High Expectations for the Fed

by George Rusnak, CFA, Co-Head of Global Fixed Income Strategy

Key takeaways

  • Market expectations for a Federal Reserve (Fed) rate cut have risen, with fed funds futures signaling multiple rate cuts this year.
  • We believe the Fed will need to carefully craft its actions and communications this year, to address any gap between the “dot plots” and market expectations.

What it may mean for investors

  • We see the potential portfolio-buffering effects that high-quality fixed income can provide, should uncertainty occur. We favor aligning duration with investors’ selected benchmarks, and rebalancing portfolios to prepare for volatility.1

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Going into the Fed’s June 19 meeting, some bond market participants had built up expectations that the fed funds target rate could be between 1.50% and 1.75%, implying three rate cuts of 25 basis points each before year-end (based on fed funds futures).2 We forecast only one Fed rate cut by year-end. Further, the Fed’s median “dot plot” last week reflected no rate cut (although there was significant disagreement, with eight members projecting at least one rate cut this year). 

While the Federal Open Market Committee’s (FOMC) meeting release confirmed that the Fed is likely to be more accommodative going forward, we don’t believe that the Fed appears to be on pace to meet short-term market expectations. Further, the Fed’s messaging around any potential rate cuts may be challenging in coming weeks. We believe that it is important for investors to avoid “too much focus” on short-term market and interest-rate trends. Rather, it is best to keep a long-term view of the Fed’s changing direction—and rebalance portfolios appropriately.

Chart 1. Fed funds target rate probabilities for December 11 Fed meeting (based on fed funds futures)

Chart 1. Fed funds target rate probabilities for December 11 Fed meeting (based on fed funds futures)

Source: The CME Group, June 21, 2019.

Preparing for rate cuts

Although the Fed did not cut rates at the June 19 meeting, it may well have prepared the markets for a future cut by delivering fairly dovish messages through its statement, forecasts, and communication. All three aspects signaled a Fed whose members recognize that economic headwinds exist—and are willing to consider a more accommodative interest-rate policy to address them. 

First, the Fed removed the word “patient” from its statement and noted that it would “closely monitor” incoming information (which we believe could signal that the Fed is getting closer to an interest-rate cut). The “patient” term had been included in the Fed’s statements since January 2019—and as Fed members carefully consider the language in these statements, this “small” change has meaning.  Second, the FOMC lowered its inflation and future interest-rate targets for the second consecutive meeting (in its economic forecasts; see Table 1). The Fed’s year-end 2019 inflation (personal consumption expenditures, or PCE) target was reduced from the 1.8% March forecast to 1.5%, while 7 FOMC members believe there may be as many as 2 rate cuts required by year-end 2019. In March, no committee members believed that the Fed would need to cut rates twice this year. Third, Fed Chair Jerome Powell’s press conference communication after this month’s meeting signaled that the Fed has shifted toward lowering future rates. Most notably, Chair Powell did not “explain away” the Fed’s lower inflation expectations through a reference to transitory events. Rather, he acknowledged that lower inflationary data is a challenge with which the Fed is grappling. He also pointed toward trade-negotiation challenges and slowing global growth as issues the Fed is closely evaluating to see if they continue to deepen. Overall, Fed Chair Powell’s remarks suggested that the Fed may be poised to lower interest rates fairly soon—absent some key positive economic data.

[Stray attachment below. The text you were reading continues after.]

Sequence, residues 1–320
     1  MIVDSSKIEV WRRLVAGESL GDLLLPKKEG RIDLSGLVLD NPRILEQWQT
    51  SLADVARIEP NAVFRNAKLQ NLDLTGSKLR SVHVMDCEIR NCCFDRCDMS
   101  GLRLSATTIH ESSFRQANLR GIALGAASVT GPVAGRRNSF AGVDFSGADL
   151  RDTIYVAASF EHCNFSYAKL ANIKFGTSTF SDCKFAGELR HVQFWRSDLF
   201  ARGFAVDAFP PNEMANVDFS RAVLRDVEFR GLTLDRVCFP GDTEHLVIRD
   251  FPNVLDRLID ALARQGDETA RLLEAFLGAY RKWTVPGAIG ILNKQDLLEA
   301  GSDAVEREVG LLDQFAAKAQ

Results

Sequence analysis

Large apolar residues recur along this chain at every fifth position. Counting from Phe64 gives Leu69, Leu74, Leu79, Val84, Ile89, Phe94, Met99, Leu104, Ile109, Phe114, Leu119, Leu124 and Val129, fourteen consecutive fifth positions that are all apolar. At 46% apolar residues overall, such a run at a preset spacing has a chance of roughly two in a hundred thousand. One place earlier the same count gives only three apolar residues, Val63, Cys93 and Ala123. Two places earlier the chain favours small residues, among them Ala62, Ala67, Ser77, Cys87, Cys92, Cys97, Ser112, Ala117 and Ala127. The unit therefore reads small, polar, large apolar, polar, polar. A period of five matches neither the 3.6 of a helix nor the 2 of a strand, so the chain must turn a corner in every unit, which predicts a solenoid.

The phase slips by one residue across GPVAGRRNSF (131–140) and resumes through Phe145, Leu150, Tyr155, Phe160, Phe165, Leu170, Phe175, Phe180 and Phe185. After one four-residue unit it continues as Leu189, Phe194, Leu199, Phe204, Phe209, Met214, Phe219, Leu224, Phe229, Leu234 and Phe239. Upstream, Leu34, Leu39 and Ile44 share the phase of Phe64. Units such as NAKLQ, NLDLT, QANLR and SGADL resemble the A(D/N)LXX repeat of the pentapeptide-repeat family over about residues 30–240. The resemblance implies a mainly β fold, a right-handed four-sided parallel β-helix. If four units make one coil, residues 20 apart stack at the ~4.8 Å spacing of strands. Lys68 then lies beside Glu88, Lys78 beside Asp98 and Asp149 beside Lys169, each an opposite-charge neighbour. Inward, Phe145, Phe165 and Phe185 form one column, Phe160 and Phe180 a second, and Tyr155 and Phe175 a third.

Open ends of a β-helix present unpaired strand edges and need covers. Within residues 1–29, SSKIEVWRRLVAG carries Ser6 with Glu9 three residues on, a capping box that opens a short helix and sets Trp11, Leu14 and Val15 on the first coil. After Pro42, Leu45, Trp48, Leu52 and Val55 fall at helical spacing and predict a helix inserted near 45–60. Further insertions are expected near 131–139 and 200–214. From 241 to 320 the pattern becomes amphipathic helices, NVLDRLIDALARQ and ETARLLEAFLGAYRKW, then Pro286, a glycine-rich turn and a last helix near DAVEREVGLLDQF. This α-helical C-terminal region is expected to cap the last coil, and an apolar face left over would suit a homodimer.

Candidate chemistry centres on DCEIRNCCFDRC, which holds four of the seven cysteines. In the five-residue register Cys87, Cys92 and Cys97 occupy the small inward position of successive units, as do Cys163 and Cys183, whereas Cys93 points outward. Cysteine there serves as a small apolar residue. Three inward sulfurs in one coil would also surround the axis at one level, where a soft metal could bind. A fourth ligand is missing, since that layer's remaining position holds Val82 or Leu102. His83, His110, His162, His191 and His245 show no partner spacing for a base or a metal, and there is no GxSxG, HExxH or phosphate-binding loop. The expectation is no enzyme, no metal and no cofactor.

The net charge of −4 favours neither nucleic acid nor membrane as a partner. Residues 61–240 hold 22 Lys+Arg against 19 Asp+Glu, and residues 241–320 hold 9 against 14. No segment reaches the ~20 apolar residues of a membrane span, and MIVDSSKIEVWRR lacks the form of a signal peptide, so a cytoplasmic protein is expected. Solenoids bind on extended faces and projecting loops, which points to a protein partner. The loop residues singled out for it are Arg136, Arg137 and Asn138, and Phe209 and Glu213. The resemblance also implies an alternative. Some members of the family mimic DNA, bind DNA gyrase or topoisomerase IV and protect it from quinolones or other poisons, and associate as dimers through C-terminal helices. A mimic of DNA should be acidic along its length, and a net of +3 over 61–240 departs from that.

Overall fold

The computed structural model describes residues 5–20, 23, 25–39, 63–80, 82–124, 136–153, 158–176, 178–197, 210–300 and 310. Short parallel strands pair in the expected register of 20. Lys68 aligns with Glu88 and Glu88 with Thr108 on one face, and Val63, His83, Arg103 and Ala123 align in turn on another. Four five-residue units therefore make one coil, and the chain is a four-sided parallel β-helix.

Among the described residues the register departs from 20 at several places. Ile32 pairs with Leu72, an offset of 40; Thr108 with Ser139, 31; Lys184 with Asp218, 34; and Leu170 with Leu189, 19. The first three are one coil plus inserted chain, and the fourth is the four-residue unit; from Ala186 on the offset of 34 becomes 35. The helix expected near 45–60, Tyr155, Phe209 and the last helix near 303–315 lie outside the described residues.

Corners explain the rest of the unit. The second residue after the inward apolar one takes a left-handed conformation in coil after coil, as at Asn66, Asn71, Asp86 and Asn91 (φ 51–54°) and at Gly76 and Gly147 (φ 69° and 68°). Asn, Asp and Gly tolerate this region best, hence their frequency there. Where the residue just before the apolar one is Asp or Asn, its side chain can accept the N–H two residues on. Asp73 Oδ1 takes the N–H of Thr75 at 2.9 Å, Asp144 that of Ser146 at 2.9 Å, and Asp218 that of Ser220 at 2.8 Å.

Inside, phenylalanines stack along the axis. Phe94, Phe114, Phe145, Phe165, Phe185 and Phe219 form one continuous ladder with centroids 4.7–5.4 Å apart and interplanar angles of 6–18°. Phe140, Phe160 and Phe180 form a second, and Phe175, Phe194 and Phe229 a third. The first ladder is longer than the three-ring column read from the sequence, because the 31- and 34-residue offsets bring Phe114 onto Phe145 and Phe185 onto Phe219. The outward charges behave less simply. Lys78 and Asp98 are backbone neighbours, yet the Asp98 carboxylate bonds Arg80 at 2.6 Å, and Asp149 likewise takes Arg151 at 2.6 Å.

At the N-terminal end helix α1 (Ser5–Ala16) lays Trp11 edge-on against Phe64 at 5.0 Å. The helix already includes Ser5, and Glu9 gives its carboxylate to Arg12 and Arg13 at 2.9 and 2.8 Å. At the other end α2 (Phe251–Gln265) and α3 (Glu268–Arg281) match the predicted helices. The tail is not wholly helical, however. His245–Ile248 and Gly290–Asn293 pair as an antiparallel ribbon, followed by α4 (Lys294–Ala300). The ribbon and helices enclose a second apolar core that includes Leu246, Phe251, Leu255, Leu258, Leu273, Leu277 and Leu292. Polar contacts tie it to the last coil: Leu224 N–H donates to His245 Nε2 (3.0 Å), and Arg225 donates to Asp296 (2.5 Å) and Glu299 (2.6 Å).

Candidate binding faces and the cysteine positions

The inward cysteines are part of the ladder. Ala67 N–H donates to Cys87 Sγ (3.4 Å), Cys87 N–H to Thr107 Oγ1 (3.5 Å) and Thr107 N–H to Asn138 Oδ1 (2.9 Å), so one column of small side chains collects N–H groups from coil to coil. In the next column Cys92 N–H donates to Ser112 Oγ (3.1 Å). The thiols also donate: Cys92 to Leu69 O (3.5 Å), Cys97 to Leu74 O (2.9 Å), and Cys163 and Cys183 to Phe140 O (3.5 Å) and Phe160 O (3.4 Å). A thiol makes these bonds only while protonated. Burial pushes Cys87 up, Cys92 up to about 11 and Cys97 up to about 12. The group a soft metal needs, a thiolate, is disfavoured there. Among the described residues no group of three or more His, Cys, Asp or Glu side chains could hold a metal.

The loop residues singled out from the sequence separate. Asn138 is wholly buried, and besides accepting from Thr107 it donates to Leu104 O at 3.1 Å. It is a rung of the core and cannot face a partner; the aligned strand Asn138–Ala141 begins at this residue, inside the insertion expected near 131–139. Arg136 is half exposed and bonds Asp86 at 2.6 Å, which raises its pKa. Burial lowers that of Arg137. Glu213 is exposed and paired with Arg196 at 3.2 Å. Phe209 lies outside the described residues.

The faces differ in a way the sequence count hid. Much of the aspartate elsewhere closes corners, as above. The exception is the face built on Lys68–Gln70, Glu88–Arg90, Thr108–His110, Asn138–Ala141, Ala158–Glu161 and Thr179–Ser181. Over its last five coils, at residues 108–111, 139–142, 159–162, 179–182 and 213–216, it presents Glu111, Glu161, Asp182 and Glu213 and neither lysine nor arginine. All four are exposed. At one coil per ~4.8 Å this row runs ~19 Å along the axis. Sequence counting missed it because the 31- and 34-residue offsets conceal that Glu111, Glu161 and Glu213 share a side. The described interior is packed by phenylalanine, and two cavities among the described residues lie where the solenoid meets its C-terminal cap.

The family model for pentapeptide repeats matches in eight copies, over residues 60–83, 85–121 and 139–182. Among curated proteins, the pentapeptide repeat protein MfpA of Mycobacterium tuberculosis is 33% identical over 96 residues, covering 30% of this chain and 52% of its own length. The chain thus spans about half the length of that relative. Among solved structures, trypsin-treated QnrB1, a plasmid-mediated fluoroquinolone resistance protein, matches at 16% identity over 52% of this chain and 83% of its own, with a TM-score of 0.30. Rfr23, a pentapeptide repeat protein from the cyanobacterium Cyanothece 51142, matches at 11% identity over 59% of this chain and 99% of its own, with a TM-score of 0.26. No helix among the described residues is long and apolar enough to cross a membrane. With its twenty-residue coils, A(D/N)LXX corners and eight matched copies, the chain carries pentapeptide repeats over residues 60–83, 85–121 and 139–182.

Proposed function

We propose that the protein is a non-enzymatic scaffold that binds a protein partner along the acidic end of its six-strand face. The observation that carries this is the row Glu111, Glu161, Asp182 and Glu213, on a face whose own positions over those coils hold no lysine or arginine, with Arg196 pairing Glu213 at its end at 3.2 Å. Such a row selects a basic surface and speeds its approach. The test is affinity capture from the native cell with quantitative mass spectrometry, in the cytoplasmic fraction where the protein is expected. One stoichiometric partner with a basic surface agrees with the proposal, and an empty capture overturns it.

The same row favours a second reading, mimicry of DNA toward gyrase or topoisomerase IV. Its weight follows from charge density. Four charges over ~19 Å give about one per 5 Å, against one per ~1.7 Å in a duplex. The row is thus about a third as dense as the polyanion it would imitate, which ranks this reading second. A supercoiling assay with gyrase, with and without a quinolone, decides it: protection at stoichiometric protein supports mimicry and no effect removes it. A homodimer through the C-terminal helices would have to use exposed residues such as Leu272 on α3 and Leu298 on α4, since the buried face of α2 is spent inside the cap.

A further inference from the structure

Table 1. The FOMC’s Summary of Economic Projections: June 19, 2019

Table 1. The FOMC’s Summary of Economic Projections: June 19, 2019

Source: Federal Reserve, FOMC statement, June 19, 2019. GDP=gross domestic product.

The balancing act

As the Fed contemplates shifting direction of the federal funds rate, we believe it will need to do so carefully—so it doesn’t appear to be “pushed” by recent moves in U.S. treasury yields (or out of touch with those moves). Former Dallas Fed President Richard Fisher suggested last week that Jerome Powell was a leader who was likely to act as appropriate to sustain the economic expansion. Additionally, in our opinion the Fed needs to ensure it will not negatively impact current economic conditions (and market volatility), due to future rate-reduction expectations. For example, individuals might defer large purchases (such as homes) if they believe that rates will fall, or the market may face volatility as Fed policy differs from market expectations. The Fed’s credibility is at stake, and we believe that the Fed will need to increase the amount of communication—and the level of detail in its communications going forward—to help inform market participants about how the Fed is interpreting the incoming U.S. economic data.

Going forward

We believe that it is important for investors to recognize that the end of the “rate cycle” is fast approaching—and that the likelihood of multiple interest-rate cuts in future quarters is high. While it may appear that bond-market participants are being overly aggressive in terms of Fed rate-cut expectations—that may only be the case in the short term. Our base case is that there will only be one rate cut this year, but it is possible that the Fed could become more aggressive in cutting rates if economic conditions continue to weaken. Additionally, we would expect that the Fed is likely to cut rates again next year, after it evaluates the market impact of its strategy, barring an unforeseen events.